The biggest threat to the economy is not the one you think it is - article by Jeremy Warner
Western governments are drowning in post-pandemic debt, so even modest interest rate rises threaten to tip economies back into recession
Jeremy Warner for the Telegraph
21 October 2021
Inflation is the word; whether transitory in nature, or more enduring, inflation risk is for now the only macro game in town as far as the dismal science is concerned.
As regular readers will know, I've tended to lean towards the latter of these two judgments, but only a fool would say it with any certainty. I'm more than ready to eat my words.
In any case, to the already well trodden arguments of transitioners and endurers might be added a third category, which ever since the financial crisis has been lurking in the shadows, but has not been much aired in the current debate – Japanification.
This is the idea that whatever the present inflationary pressures might be saying, we are all going to end up like Japan, with permanently low inflation, low growth and low interest rates to match.
It's a gloomy prognosis, but one which the pathology of Western economies makes only too plausible.
So here's how it works. Almost everywhere, inflation is on the up, driven primarily by rising commodity prices and the mismatch between supply and demand as economies recover from the ravages of the pandemic.
It's not just the UK: consumer price inflation in the US is already at 5.4pc, a 13-year high.
US inflation rose again in September
Inflation is also rising strongly in both France and Spain, while in Germany it's at 4.1pc, a 29-year high, with more plainly to come judging by wholesale price inflation of 13.2pc, the highest rate since 1973.
For a nation as culturally averse to inflation as Germany, these are eye-popping, almost intolerably high numbers, which if they persist are almost bound to revive questions over the durability of the single currency.
Even as a one-off change in the level of prices, they are very hard to explain to inflation-averse German voters.
The paradox here is that many of the inflationary pressures we see today, particularly sharply higher energy prices, are deflationary in their consequences, in that they take money out of people's pockets, reducing disposable income correspondingly.
Even so, there is only so long central banks can hold back the tide of higher interest rates in the face of such pressures.
In comments last weekend, Andrew Bailey, Governor of the Bank of England, seemed already to have conceded that rates will have to rise sooner rather than later.
For the UK, that probably means the December meeting of the Bank's Monetary Policy Committee and possibly as early as next month.
The rise in Bank Rate anticipated by markets, from 0.1pc to 0.25pc, may sound insignificant. This is just the gentlest of touches on the brake. Just before the pandemic, it will be recalled, Bank Rate was at the positively racy level of 0.75pc.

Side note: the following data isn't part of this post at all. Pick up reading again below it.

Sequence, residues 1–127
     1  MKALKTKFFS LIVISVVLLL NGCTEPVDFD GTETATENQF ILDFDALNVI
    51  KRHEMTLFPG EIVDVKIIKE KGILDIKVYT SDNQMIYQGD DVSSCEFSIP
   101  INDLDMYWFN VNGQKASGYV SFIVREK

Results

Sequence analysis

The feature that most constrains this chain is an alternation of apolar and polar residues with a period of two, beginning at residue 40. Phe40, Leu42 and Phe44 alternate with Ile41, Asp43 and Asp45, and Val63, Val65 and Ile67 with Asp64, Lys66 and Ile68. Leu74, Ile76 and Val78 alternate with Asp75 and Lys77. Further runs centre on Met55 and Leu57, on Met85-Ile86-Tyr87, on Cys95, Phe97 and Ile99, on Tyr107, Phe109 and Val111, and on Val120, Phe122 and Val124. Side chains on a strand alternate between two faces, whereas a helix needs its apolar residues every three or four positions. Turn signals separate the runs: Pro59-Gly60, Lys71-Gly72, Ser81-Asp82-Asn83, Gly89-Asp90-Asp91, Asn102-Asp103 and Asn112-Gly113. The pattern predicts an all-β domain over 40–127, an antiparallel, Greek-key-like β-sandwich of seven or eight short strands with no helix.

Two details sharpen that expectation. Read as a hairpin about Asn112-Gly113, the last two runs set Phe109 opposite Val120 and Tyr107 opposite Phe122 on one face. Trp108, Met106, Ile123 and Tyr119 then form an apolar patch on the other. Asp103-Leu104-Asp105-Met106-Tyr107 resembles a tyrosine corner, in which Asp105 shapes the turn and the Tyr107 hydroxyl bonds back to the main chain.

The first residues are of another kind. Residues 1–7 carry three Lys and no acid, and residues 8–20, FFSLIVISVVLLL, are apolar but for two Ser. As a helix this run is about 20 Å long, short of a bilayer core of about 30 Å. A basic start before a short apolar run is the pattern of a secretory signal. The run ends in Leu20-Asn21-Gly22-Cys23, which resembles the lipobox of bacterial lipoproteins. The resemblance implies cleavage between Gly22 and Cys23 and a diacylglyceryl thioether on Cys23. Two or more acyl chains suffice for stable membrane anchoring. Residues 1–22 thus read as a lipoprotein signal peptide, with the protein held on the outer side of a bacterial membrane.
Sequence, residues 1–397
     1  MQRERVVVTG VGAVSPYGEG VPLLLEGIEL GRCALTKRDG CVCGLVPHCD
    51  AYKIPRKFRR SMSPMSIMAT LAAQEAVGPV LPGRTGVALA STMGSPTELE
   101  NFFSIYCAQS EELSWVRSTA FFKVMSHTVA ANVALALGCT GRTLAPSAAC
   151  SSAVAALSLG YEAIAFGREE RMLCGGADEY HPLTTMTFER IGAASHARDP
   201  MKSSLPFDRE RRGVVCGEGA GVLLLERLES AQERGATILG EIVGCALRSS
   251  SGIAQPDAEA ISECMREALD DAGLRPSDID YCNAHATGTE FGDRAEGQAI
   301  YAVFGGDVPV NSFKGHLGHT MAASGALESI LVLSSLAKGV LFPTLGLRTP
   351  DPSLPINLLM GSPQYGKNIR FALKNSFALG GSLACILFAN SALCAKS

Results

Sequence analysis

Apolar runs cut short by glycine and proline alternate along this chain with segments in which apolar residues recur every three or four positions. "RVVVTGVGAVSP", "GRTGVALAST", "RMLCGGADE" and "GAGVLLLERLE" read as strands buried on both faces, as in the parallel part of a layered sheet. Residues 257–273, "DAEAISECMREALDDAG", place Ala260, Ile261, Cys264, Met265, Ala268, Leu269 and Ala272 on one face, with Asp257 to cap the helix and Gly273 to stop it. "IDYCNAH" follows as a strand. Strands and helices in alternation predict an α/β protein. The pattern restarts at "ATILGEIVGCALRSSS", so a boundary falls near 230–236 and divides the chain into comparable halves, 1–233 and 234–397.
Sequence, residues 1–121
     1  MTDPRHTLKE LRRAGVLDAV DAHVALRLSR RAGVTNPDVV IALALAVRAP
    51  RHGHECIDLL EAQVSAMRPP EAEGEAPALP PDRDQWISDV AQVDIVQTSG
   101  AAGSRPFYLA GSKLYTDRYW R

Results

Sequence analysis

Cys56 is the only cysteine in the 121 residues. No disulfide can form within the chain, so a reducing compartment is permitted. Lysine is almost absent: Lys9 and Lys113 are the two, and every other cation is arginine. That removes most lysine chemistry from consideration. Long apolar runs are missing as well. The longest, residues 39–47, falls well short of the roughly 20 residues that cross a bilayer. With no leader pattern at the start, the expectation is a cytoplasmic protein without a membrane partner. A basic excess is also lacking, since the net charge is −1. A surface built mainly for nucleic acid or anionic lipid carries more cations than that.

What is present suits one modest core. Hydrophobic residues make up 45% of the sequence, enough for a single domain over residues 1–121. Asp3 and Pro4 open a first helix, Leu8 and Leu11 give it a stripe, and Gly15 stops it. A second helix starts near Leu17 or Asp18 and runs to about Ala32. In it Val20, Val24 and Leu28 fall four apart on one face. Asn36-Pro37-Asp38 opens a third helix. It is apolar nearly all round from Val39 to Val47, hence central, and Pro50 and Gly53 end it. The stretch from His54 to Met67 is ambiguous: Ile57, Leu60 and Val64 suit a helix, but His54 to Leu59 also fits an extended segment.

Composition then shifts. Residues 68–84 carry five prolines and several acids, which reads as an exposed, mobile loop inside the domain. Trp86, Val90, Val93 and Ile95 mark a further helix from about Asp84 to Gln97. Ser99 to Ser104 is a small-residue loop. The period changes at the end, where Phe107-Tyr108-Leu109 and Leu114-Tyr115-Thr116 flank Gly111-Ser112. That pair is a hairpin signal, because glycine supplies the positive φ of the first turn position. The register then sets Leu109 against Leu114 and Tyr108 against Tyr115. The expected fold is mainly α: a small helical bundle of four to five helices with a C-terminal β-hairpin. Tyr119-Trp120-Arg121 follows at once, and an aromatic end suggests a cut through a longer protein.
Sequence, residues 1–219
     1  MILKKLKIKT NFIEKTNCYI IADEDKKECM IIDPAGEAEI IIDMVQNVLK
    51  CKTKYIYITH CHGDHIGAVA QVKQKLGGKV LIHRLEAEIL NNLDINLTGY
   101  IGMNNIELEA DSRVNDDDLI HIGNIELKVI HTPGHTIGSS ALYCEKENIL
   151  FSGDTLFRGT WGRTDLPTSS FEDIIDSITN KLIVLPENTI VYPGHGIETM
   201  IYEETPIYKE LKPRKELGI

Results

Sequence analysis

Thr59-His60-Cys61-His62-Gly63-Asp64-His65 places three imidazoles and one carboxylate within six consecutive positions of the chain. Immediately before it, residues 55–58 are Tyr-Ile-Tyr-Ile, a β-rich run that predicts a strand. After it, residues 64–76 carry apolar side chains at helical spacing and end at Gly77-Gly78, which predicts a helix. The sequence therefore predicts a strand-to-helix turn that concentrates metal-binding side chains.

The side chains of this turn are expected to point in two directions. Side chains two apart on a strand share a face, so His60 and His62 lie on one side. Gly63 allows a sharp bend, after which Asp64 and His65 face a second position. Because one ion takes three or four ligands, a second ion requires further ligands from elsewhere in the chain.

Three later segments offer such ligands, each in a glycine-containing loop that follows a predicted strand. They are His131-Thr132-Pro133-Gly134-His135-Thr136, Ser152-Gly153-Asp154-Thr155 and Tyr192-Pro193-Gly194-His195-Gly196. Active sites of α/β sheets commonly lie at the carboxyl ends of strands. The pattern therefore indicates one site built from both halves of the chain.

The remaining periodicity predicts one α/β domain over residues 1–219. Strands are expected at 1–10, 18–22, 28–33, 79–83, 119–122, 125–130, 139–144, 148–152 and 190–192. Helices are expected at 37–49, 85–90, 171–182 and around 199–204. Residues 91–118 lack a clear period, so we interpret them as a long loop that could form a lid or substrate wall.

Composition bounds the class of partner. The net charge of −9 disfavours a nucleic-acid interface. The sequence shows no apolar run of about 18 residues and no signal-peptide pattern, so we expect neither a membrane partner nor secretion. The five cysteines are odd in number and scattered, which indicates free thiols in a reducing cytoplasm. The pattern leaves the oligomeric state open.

Yet any change in the interest rate cycle is an important marker; more rate rises will surely follow.
Rates to return to pre-Covid level next year
For those who think inflation is going to be persistent, yours truly included, central banks are behind the curve. They should have acted sooner, and perhaps more aggressively.
Yet the problem is excessive debt. Both governments and their economies are drowning in the stuff following a fiscal response to the pandemic comparable in its magnitude to that of an all embracing war.
As a consequence, it won't take much in the form of higher interest rates to tip economies into recession. In other words, this is very much a Japan-like problem, where the sheer weight of the debt becomes like a permanent anchor on growth, and therefore inflation and interest rates.
Deflation, not inflation, fast becomes the more enduring challenge.
Already we see signs of rapidly slowing growth in the US and China, and that's without any monetary action at all, at least in the US, where for the moment all that's planned is a little gentle tapering in the asset purchase programme.
However, there is one rather glaring gap in the Japanification story.
If we take it as read that one of the biggest factors in the taming of inflation over the past 30 years is globalisation, then if this is about to go into reverse, so too are the disinflationary forces that globalisation has given rise to.
Should President Xi Jinping go through with his increasingly bellicose threats and invade Taiwan, it would put rocket boosters on an already evident decoupling agenda; economic sanctions stretching possibly to a complete trade embargo would likely be the least Western powers would do by way of retaliation.
Money talks, and Beijing would possibly counter by cutting its prices even further, doubling down on its disinflationary effect on Western economies.
Either way, things would quickly get ugly. Even the sort of mild decoupling from China currently envisaged as Western economies attempt to build resilience by making themselves more self-sufficient, would be inflationary.
On the other hand, it would also create a global glut in capacity, which further out would be deflationary. Inflationary and deflationary forces would collide.
Small wonder central banks are running around like headless chickens, not knowing which way to turn.
Once debt on the scale we see today has been created, it's very difficult to get rid of. In the past, governments could simply inflate it away, but in a global economy that's not so easily done.
This article is an extract from The Telegraph’s Economic Intelligence newsletter. Sign up here to get exclusive insight from two of the UK’s leading economic commentators – Ambrose Evans-Pritchard and Jeremy Warner – delivered direct to your inbox every Tuesday.
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